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Virtual Surgery: a Computational Engineering Approach to a Medical Problem
Aerospace Engineering, University of Cincinnati.
Aerospace Engineering, University of Cincinnati.ORCID iD: 0000-0001-7330-6965
Aerospace Engineering, University of Cincinnati.
KTH, School of Engineering Sciences (SCI), Mechanics.
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2010 (English)In: proceedings of International Conference on Jets, Wakes and Separated Flows ICJWSF-2010, 2010Conference paper (Refereed)
Abstract [en]

The aim of the study is to utilize Computational Fluid Dynamics in the process of planning surgical treatment modalities for patients with obstructive airway disorders. It is hypothesized that the a-priori knowledge of the functional outcome of surgical intervention on the flow and airway resistance can guide the surgeon in choosing an effective surgical strategy. Computed Tomography images spanning the respiratory tract of an adult patient with a combined glottic and subglottic stenosis are used to reconstruct three-dimensional geometrical models of the airway. Computational Fluid Dynamics is used to obtain airway flow patterns during inspiration and expiration in these models. Numerical predictions about flow velocity, pressure distribution on the airway lumen, wall shear stress, and airway resistance are obtained so that the relevance of each individual stenotic level is quantified. Four different virtual surgeries in different combinations are assessed in order to remedy the constricted airway. The virtual surgery based airway models are evaluated by comparisons with the pre-treatment flow modeling results. The predicted numerical data revealed that the removal of the constriction at the level of the vocal folds will have the most significant effect on the airway resistance. The flow simulations offer a quantitative method of evaluating the airway resistance in patients with combined glottic and subglottic stenosis. Predictions of airway resistances and other numerical calculations from different virtual surgeries give additional inputs for the surgeon, in deciding the most appropriate surgery on a case-by-case basis.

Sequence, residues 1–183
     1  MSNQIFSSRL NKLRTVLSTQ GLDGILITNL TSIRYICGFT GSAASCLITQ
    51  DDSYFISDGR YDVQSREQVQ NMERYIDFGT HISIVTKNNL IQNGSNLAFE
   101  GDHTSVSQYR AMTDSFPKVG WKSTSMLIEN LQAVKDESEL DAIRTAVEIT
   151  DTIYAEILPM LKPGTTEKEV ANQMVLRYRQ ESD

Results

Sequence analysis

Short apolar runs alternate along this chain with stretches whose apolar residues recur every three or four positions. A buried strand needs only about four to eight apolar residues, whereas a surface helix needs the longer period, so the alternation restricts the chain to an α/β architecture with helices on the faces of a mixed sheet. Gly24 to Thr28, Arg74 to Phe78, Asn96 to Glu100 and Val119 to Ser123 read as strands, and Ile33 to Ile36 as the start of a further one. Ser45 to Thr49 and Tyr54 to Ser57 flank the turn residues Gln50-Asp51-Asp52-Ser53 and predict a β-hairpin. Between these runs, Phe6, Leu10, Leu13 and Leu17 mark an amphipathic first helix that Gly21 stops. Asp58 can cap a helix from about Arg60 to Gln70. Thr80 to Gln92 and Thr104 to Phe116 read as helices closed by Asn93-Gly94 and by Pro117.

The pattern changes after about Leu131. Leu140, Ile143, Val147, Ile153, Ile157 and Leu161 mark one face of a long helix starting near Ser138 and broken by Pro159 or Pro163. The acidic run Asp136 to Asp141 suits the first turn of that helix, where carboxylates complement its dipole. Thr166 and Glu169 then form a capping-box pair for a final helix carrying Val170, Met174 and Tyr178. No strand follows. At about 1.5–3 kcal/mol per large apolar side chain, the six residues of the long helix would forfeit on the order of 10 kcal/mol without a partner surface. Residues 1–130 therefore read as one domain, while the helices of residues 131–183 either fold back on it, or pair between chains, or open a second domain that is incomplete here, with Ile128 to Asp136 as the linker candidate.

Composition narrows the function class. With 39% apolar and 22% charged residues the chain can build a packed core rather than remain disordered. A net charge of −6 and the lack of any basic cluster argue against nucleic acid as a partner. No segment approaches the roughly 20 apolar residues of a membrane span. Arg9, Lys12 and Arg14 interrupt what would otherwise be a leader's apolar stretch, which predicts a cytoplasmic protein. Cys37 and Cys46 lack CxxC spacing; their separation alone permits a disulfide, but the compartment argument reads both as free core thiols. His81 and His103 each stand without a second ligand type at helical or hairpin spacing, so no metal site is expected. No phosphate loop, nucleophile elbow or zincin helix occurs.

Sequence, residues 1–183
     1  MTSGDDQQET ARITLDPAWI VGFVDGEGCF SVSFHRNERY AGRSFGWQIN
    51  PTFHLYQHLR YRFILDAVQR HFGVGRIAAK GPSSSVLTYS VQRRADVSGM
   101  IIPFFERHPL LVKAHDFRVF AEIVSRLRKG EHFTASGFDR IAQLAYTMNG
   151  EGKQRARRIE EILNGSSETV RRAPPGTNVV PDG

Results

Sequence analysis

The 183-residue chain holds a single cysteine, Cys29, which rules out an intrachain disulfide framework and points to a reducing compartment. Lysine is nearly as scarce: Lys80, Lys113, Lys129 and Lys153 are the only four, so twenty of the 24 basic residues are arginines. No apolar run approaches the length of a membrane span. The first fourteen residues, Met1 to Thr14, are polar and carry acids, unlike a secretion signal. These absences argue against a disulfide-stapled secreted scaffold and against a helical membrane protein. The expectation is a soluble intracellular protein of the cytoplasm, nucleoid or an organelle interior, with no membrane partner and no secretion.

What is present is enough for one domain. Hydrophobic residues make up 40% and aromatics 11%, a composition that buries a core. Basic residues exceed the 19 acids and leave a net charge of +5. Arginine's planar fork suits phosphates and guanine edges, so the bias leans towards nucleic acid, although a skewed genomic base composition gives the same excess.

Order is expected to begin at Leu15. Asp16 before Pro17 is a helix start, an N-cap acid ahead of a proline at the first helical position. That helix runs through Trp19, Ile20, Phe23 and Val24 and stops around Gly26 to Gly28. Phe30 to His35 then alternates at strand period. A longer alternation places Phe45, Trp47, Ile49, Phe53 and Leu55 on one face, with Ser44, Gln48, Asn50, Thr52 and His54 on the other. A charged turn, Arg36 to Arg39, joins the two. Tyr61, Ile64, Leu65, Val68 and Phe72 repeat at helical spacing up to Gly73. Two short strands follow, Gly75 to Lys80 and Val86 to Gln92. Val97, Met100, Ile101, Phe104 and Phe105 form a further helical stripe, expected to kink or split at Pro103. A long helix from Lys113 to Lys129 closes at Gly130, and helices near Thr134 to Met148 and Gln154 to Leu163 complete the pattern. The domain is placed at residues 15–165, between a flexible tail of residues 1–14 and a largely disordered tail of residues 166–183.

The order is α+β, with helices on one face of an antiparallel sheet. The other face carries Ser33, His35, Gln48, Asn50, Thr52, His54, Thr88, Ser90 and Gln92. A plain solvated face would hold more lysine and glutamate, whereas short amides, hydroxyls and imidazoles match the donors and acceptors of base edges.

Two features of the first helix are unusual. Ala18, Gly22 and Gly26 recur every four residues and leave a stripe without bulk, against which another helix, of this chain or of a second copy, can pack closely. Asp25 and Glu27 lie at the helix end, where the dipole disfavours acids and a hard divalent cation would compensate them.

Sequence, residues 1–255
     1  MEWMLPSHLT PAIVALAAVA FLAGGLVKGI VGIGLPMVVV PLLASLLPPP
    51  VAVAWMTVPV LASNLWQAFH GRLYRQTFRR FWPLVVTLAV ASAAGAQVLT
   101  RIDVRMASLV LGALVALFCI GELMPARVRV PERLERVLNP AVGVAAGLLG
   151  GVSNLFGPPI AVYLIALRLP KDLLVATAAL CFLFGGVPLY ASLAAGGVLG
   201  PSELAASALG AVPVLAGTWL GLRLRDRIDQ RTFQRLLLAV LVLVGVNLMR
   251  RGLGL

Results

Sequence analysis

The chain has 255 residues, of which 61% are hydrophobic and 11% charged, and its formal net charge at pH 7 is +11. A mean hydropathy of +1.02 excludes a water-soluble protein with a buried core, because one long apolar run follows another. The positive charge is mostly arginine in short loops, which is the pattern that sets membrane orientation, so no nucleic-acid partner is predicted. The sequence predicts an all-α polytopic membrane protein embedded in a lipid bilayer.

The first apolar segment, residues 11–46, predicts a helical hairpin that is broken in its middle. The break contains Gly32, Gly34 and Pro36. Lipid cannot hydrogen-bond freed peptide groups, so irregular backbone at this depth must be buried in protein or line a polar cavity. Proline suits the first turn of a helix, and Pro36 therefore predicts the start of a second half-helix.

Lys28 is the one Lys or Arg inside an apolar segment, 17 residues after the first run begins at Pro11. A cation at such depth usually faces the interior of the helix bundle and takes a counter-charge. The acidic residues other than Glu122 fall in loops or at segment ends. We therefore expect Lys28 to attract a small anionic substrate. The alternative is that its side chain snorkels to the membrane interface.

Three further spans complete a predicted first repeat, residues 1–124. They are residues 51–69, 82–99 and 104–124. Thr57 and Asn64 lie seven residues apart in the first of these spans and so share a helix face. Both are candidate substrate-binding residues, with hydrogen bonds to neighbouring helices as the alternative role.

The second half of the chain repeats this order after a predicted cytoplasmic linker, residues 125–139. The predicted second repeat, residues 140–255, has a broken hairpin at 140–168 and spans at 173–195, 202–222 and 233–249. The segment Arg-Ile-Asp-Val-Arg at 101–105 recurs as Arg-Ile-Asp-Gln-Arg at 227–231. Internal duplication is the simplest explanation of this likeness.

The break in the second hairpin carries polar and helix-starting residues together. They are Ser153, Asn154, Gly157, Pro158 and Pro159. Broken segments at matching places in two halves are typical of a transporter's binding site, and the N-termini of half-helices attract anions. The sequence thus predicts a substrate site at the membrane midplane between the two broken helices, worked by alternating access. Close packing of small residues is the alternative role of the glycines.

Place, publisher, year, edition, pages
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Fluid Mechanics and Acoustics Respiratory Medicine and Allergy
URN: urn:nbn:se:kth:diva-48490OAI: diva2:457748
3rd Int. Conf. on Jets, Wakes and Separated Flows
QC 20111122Available from: 2011-11-18 Created: 2011-11-18 Last updated: 2011-11-22Bibliographically approved

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Mihaescu, MihaiFuchs, Laszlo
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